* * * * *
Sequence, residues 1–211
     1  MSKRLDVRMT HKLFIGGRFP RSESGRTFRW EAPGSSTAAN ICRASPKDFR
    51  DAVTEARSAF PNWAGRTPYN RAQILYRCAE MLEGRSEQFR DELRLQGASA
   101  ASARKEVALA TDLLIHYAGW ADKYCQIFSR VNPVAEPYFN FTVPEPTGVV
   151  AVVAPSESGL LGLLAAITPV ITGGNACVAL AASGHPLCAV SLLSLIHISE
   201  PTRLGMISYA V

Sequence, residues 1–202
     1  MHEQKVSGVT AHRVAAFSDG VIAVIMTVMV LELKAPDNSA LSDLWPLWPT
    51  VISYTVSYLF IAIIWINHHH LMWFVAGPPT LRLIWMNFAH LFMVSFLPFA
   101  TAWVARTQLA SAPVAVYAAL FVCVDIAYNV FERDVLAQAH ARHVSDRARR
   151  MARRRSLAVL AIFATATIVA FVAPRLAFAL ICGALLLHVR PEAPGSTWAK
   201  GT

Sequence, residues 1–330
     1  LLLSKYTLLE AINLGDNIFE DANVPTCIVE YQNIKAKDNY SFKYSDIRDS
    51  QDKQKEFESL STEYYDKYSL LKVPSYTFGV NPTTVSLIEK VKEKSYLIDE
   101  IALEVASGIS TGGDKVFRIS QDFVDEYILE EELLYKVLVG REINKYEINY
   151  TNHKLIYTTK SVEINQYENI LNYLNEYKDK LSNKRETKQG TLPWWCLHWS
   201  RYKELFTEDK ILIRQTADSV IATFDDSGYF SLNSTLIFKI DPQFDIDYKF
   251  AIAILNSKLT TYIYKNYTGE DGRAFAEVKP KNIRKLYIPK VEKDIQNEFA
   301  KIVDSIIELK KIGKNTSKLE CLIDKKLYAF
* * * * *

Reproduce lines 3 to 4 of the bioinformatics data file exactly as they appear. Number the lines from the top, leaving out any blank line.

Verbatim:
    51  DAVTEARSAF PNWAGRTPYN RAQILYRCAE MLEGRSEQFR DELRLQGASA
   101  ASARKEVALA TDLLIHYAGW ADKYCQIFSR VNPVAEPYFN FTVPEPTGVV